I recently received a phone call from Blue Cross for my son William. The call was fully automated—recordings and voice recognition. It asked if I was William. When I replied that I was not, it asked me to take a message for him. The message was that he was to call a specific phone number.
I passed the information on to William, who is a student at the University of Chicago. He called the number from his cell phone—and was informed, I assume again by a robot responder, that he had to respond from the phone number that the original call had gone to—my home number in San Jose.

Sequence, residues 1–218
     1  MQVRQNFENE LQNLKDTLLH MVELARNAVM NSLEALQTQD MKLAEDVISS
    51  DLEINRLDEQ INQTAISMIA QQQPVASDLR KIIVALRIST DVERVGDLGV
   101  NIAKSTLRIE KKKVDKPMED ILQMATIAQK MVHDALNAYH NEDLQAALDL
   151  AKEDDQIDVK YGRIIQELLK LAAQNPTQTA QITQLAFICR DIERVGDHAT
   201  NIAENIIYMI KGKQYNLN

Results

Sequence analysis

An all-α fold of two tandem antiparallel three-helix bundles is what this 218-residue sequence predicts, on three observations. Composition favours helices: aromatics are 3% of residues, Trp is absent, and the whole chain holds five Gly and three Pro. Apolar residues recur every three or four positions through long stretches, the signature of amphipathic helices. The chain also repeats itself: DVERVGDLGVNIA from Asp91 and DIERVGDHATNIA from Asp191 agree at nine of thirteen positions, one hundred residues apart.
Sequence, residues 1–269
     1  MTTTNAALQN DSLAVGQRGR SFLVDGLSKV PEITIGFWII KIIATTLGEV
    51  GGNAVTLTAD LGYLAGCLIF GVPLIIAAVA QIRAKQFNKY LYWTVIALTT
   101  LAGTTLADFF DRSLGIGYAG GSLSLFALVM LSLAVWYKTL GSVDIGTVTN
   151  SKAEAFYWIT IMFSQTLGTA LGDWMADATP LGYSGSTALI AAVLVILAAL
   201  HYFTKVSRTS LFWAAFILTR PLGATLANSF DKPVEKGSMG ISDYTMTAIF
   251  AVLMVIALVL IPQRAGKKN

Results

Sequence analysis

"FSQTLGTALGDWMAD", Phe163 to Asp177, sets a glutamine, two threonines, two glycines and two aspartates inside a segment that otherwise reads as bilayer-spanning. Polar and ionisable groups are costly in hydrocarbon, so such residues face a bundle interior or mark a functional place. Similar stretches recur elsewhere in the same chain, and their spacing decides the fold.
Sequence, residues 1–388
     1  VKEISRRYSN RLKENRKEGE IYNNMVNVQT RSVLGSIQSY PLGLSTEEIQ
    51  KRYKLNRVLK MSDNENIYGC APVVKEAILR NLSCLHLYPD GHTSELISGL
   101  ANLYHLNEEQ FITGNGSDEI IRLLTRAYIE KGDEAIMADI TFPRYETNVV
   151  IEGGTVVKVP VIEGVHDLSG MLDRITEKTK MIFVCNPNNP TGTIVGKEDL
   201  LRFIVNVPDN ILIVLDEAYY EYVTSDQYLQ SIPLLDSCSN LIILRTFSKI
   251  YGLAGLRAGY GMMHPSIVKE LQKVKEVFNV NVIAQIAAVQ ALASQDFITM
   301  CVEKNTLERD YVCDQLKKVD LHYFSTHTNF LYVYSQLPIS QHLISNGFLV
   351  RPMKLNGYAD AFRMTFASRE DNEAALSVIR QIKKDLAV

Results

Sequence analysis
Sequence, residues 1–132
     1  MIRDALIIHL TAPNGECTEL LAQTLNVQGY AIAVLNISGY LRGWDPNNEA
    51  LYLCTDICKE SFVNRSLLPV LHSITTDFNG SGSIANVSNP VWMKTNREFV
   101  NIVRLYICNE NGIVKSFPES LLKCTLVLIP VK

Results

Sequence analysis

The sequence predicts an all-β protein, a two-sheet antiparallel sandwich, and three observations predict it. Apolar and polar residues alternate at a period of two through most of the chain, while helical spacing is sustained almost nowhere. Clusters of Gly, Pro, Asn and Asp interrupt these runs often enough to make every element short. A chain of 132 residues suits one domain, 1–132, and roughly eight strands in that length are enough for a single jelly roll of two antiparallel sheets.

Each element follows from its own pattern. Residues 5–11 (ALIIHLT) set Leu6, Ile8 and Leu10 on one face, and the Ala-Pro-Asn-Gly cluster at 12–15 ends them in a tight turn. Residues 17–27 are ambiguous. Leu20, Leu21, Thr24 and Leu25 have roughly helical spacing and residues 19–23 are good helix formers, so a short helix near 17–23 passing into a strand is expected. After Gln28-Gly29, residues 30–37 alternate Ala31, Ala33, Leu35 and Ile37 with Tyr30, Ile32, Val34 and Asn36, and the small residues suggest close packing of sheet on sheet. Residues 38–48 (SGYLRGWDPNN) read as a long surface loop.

He reported the result to me. I called the number. The robot asked me if I was William. I replied that I was not. It asked if I was representing him. I replied that I was. It told me to tell him to call the number and hung up on me.
I called the general Blue Cross number, eventually got through to a human being, and described the elegantly impossible situation that I had encountered. He put me on hold, checked the situation, then informed me that the call was for a survey and he could and would remove William from the list of people being surveyed. I pointed out that the same problem would occur for anyone else being surveyed who was not living at the location of his home phone number and suggested that Blue Cross might want to alter the way they did their survey. My guess, from his response, is that it won't happen.